Wearing a bright blue graffiti-sprayed jacket, oversized shades and braided hair, Jewish reggae artist Benny Bwoy stands out at the Kingston hotel where a conference on the Jewish community of Jamaica is taking place.
That’s Benny Bwoy, who grew up in Far Rockaway, N.Y., as Tzadok Bentzion and for a dozen years was a Wall Street investment banker.
Minutes later Bwoy is called to the stage to give the conference crowd — mostly white-haired, straight-laced academics — a taste of his block-bustin’ beats. In a heavy Jamaican patois, Bway sings about Jewish pride, racism, violence and drugs. The animated performance has the mostly middle-aged members of the audience waving their hands in the air.
Not everyone, however, is won over. Joseph Adam, 16, a Jewish Jamaican, has mixed feelings.
"That was odd," Adam says. "But on second thought, it’s not weirder than some of our local singers, like Elephant Man."
Bwoy almost didn’t make it to the conference. After hearing about it and not receiving an invite, the 39-year-old singer recalls wondering, "How can you have a conference on Jewish Jamaica without the original JEWmaican?" the 39-year-old singer recalls wondering.
So he contacted the leader of the Jewish community here, Ainsley Henriques, with whom he has been in touch since he shot his video clip "Hot Girls" on the island three years ago, and hopped on a flight down to Kingston.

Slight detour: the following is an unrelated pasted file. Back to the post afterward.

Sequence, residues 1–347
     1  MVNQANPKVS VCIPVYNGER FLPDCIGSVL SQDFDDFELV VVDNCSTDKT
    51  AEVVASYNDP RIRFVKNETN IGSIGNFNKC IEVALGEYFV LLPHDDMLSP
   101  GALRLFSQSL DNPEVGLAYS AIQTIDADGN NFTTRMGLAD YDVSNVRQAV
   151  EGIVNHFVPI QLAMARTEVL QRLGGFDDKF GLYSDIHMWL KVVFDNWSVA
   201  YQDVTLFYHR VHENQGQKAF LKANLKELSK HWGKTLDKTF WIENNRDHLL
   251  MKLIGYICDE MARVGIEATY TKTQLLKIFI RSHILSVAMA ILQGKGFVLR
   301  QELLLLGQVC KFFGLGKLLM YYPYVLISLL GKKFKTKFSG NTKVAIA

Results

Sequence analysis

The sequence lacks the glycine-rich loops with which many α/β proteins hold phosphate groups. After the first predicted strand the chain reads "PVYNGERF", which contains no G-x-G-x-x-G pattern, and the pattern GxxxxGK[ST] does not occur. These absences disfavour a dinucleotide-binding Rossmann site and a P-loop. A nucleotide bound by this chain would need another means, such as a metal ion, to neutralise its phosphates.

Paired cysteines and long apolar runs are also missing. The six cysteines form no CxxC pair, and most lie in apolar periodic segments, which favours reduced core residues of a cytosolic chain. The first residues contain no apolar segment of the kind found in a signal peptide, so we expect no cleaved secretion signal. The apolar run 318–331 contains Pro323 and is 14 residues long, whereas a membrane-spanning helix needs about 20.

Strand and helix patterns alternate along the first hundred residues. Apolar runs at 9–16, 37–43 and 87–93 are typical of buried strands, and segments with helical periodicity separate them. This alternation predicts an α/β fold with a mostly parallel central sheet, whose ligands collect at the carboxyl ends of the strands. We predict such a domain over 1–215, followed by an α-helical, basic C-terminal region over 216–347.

Following his conference gig, during a visit to an old Jewish cemetery near Kingston Harbor, Bwoy enters a rap-off with a group of local Jamaicans in a scene that appears to be taken from Eminem’s "8 Mile" or Al Jolson’s the "Jazz Singer," depending on one’s point of view.
Bwoy/Bentzion figures there’s nothing unusual about an observant Jew who grew up in Queens singing reggae in Jamaican patois. It’s his passion after 12 years working on Wall Street; he says he is now fully dedicated to promoting his singing career.
"I’m waiting for that one big hit and boom, it’s going to be a tsunami," he says.
His take on Matisyahu, a popular Chasidic reggae artist?
"He’s not a reggae artist; he’s a mix of different things," Bwoy says. "He’s like The Police — he’s reggae-influenced. The whole thing is a schtick."
Bwoy’s biggest success has come with "Saddam Hussein, I’m Gonna Mash Up Ya Brain."
"It was big in Israel in 1991," he says.
His catchphrase: "Fala mi name!"
And influences: Admiral Bailey, Tiger and Bob Marley, "of course."